Citation: Pullan RL, Kabatereine NB, Quinnell RJ, Brooker S (2010) Spatial and Genetic Epidemiology of Hookworm in a Rural Community in Uganda. PLoS Negl Trop Dis 4(6): e713. https://doi.org/10.1371/journal.pntd.0000713
Editor: Jeffrey Michael Bethony, George Washington University, United States of America
Received: December 8, 2009; Accepted: April 23, 2010; Published: June 15, 2010
Copyright: © 2010 Pullan et al. This is an open-access article distributed under the terms of the Creative Commons Attribution License, which permits unrestricted use, distribution, and reproduction in any medium, provided the original author and source are credited.
Funding: Rachel L. Pullan is supported by a Medical Research Council DTA-funded studentship (http://www.mrc.ac.uk/consumption/groups/public/documents/content/mrc002630.pdf). Simon Brooker is supported by a Research Career Development Fellowship from the Wellcome Trust (#081673) (http://www.wellcome.ac.uk/Funding/Biomedical-science/Grants/Fellowships-and-personal-awards/Basic-biomedical-fellowships/WTD004431.htm). The fieldwork was supported through Simon Brooker's fellowship. The funders had no role in study design, data collection and analysis, decision to publish, or preparation of the manuscript.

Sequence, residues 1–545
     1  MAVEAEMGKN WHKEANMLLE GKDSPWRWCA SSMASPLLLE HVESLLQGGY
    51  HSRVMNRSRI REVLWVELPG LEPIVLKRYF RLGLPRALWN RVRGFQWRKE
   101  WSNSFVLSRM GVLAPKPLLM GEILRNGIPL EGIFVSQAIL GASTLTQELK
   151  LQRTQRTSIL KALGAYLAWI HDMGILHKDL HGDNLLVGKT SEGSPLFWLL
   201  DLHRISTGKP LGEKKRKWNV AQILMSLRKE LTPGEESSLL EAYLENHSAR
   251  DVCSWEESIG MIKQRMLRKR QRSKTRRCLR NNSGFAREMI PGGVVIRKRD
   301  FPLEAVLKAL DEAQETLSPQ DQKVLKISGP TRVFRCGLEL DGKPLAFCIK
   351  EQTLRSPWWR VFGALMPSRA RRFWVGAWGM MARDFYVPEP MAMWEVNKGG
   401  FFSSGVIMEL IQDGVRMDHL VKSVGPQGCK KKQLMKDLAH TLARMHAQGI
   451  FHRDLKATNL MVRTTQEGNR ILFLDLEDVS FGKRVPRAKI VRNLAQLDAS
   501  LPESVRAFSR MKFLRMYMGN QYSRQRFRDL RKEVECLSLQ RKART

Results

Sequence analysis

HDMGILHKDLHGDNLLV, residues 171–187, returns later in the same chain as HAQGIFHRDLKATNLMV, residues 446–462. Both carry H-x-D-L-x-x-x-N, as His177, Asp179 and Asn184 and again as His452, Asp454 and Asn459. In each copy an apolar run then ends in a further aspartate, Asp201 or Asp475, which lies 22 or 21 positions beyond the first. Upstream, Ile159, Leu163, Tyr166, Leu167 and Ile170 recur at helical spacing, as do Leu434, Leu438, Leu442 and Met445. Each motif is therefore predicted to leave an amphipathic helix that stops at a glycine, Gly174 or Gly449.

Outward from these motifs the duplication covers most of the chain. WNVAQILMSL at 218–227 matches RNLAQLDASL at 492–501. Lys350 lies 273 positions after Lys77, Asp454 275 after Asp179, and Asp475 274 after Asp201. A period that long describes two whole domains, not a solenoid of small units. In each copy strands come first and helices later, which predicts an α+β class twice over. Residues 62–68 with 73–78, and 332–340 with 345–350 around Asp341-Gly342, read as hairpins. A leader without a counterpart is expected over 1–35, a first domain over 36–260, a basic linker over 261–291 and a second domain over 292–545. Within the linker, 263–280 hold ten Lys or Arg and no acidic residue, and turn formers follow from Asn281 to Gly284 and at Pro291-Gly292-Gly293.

Competing interests: The authors have declared that no competing interests exist.